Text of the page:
Review: Hi, Anxiety: Life with a Bad Case of Nerves

Hi, Anxiety: Life with a Bad Case of Nerves
Hi, Anxiety: Life with a Bad Case of Nerves by Kat Kinsman

My rating: 4 of 5 stars

I am impressed with the life Kat Kinsman has built herself in spite of her anxiety; this comes not from a place of patronizing or condescension, but from the heart of a person who has likewise lived her life in a state similar to Kat’s, though admittedly on the milder end of the spectrum (at least it has been for the last seventeen or so years).

The book is an interesting look at how our genetics, our experiences, and our choices in life shape who we are, as well as how our genetics and our experiences shape our choices.

Her “irrational fears” sections sprinkled throughout hit uncomfortably close to home (to the point of tearing up in several instances), and her descriptions of her fear surrounding her professional and creative life in particular cut me. If you are an anxious person or know someone living with anxiety, this book is a sympathetic, informative (through life experiences and anecdotes), and often funny telling of one woman’s experience. No one person can be emblematic of Anxiety as a whole, but this books seems to have resonated with a lot of us.

View all my reviews


Delayed Adulthood

Friendship Together Bonding Unity Youth Culture ConceptMy job recently found me on a local college campus for the day, giving some rising freshman a hands-on campus tour.  The school was beautiful, and finding myself walking the quads and sitting in on classes made me miss my own college life – the thrill of learning new things about my passions, about the world, and about myself.  

It was while I was happily indulging in a potent mix of nostalgia and general feel-good vibes that a girl walked by with a backpack adorned with buttons for various media franchises and social causes.  I immediately perked up; I’d always used buttons as a beacon for like-minded individuals, and she and I apparently shared several of the same likes and beliefs.  I started to turn towards her, to open my mouth and say something about her tastes, and then —

— I realized that I was a stranger twice her age there on business with her organization, and that maybe it would be more professionally appropriate to keep to myself this time.

The reaction was extreme, I admit – I’m positive that it wouldn’t have been an actual problem especially since my commentary was going to be a fairly innocuous, “Hey, I love your [X] pin, I think it’s awesome!”  But the initial realization of, “I’m an adult twice her age” effectively silenced me, and I missed what would have been the appropriate moment to comment, anyway.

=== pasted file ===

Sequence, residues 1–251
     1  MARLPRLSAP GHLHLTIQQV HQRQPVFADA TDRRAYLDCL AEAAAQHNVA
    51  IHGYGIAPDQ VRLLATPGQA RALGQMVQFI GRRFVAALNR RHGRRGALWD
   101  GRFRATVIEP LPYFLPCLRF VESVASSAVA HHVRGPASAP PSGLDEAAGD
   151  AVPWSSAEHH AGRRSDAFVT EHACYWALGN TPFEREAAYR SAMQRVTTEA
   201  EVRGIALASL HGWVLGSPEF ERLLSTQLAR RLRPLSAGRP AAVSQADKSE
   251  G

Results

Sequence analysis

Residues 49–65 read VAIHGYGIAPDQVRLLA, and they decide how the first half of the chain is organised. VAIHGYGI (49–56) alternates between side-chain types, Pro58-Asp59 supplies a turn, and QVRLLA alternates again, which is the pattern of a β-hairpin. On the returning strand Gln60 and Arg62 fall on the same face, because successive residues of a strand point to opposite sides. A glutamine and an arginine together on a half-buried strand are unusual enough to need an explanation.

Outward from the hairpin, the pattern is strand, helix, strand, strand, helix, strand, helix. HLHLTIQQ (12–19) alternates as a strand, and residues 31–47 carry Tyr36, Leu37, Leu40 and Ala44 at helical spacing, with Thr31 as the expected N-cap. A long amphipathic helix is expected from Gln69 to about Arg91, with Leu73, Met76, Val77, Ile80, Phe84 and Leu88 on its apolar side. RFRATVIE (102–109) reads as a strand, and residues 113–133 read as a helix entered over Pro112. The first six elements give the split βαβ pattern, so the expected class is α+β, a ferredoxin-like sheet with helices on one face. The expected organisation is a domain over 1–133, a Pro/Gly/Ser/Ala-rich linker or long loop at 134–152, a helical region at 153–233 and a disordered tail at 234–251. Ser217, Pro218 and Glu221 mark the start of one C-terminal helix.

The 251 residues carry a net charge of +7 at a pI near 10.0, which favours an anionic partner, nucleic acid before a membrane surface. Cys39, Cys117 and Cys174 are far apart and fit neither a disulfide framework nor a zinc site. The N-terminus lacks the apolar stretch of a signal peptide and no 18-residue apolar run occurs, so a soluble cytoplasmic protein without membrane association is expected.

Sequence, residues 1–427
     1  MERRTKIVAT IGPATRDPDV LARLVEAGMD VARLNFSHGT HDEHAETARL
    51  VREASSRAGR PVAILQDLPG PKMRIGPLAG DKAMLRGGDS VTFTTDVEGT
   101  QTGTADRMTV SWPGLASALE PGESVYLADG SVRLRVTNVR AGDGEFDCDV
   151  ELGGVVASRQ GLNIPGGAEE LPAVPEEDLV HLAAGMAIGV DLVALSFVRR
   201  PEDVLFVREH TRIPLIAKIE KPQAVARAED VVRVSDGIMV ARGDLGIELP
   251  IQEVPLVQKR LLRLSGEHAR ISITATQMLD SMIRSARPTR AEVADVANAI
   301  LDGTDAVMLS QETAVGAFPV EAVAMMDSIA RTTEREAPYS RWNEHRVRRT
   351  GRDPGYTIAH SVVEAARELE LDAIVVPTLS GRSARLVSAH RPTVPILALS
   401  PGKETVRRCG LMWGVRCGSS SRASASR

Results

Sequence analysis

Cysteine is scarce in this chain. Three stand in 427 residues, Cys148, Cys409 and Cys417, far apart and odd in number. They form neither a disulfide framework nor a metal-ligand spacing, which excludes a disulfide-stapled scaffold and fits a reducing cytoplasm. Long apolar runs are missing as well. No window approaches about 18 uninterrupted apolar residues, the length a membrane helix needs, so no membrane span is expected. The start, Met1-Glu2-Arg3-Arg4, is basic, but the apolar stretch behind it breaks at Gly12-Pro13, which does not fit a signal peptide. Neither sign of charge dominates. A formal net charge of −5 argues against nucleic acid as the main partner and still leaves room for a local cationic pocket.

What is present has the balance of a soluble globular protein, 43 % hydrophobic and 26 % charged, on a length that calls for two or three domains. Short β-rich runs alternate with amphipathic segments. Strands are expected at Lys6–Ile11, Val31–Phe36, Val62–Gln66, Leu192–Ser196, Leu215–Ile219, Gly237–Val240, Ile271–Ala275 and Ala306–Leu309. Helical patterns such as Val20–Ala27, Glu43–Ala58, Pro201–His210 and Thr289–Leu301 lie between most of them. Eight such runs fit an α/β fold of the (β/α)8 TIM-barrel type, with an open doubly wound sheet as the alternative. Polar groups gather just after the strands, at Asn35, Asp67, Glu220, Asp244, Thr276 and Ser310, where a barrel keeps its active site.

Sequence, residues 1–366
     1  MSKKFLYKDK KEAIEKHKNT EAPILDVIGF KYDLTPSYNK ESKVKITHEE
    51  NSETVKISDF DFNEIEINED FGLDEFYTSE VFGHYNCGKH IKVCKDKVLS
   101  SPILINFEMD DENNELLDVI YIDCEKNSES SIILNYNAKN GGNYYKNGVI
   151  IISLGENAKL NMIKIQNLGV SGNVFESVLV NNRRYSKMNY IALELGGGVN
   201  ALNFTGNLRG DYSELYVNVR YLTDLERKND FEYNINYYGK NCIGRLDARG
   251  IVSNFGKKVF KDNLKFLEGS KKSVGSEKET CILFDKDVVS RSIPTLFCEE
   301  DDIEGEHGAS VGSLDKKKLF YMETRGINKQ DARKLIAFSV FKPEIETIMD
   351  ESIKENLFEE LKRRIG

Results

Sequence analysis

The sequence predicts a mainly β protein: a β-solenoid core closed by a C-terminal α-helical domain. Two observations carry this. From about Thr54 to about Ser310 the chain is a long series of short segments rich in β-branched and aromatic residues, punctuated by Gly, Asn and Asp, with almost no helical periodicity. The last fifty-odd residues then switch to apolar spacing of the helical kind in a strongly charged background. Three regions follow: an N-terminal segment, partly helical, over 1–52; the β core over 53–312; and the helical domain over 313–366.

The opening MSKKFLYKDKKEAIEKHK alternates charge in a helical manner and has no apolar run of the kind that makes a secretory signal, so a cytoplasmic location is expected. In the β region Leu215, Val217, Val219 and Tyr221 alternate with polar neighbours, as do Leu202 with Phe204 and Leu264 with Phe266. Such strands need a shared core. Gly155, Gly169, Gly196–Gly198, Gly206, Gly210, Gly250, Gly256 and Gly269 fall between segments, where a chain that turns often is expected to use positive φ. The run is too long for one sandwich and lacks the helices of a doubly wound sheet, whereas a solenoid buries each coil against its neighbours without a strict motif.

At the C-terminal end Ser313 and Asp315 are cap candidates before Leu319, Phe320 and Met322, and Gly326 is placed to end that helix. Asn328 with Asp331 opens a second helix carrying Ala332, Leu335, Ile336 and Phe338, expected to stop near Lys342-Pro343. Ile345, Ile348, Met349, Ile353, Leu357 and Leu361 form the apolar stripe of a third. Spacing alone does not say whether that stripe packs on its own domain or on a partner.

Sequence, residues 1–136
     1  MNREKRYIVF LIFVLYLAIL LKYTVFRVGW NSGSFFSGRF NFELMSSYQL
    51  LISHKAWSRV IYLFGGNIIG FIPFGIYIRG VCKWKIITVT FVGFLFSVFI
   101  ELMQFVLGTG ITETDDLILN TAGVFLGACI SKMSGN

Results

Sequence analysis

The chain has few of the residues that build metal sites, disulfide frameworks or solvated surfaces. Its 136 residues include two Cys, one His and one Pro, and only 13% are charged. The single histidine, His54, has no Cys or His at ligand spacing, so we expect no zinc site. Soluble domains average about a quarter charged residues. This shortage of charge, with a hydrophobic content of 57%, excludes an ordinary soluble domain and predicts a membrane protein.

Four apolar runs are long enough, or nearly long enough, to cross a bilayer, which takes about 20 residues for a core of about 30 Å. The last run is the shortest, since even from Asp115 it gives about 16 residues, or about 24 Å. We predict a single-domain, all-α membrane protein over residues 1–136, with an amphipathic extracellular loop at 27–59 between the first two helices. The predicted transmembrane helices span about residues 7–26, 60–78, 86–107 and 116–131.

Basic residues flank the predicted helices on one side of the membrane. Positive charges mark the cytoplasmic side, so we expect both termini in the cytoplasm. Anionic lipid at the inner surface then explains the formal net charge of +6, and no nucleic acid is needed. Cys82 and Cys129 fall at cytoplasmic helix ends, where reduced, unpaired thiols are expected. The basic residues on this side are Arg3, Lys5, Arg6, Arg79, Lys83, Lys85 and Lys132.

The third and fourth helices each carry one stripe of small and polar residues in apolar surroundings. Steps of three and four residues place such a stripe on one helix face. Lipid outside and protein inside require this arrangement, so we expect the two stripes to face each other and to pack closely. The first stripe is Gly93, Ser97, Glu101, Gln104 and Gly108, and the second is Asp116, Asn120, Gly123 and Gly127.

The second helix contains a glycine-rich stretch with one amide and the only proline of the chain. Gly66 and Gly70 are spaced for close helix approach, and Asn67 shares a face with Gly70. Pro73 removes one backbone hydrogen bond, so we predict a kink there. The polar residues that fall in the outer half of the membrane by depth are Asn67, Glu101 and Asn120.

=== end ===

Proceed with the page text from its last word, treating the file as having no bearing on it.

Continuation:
Twice her age.  Twice the age of someone old enough to be attending college.  I had to rethink the math more than once, because it didn’t seem possible, but there it was – I’m 35, and the average college freshman in 18.  Holy shit.  When did that happen?

I don’t feel like a kid.  I’m married, I own a house, I’m a parent, I work full time.  I’ve seen my friends through some hefty, heavy life changes, and gone through several myself.  And yet, when I think about college kids – kids in their early to mid-20s, let’s say – my first instinct is to think of them as peers.  As someone “my age.”

Is this something anyone else of my generation is experiencing?  I’m one of the “old millennials,” literally coming of age at the turn of the millennium, and mine was the first generation where the phrase “extended adolescence” really became applicable.  Looking at the generally accepted “adulthood” criteria (financial independence, living on one’s own, being finished with school, being married, having kids):  I lived at home until I was 25, married at 27, still in graduate studies until I was 30, not a parent until I was 32.  From that perspective, I suppose you could argue that my move to become an independent person didn’t really start until I was 25, when maybe with the generation before me, it would have started at 18.  

I have some deep, deep issues with the whole model of what it means to be an “adult” (i.e., it’s classist, ableist, heteronormative, and makes no mention of intangible milestones, such as diplomacy, discretion, resilience, emotional intelligence, etc.),** but it makes a sort of sense when you look at it just in the sense of shared experience.  A single 25-year-old living at home would have, on the surface, more in common with an 18-year-old than a 25-year-old with a house and a spouse would.

But that still doesn’t explain me.  It would have, ten years ago – 25-year-old me was in a place (financially, emotionally, socially) similar to a lot of college-aged kids – but doesn’t go a long way to explaining my experience now.  I’ve hit all the major milestones (even those I have issues with), I’m a married, home-owning parent with a degree.  Why do I feel more at home on a college campus than in an office?

Arguably, I guess you could say that my interests skew towards the more youthful, but by the same token, my special interests and obsessions fall in line with a number of other “geeky” individuals – the creators of the properties I love are geeks, but they are adults… I mean, technically.  Right?  Do they feel that way?  Do all my fellow geeky and nerdy brethren feel a similar disconnect – living an adult life (fairly successful, I might add), but still feeling an underlying sense of Imposter Syndrome?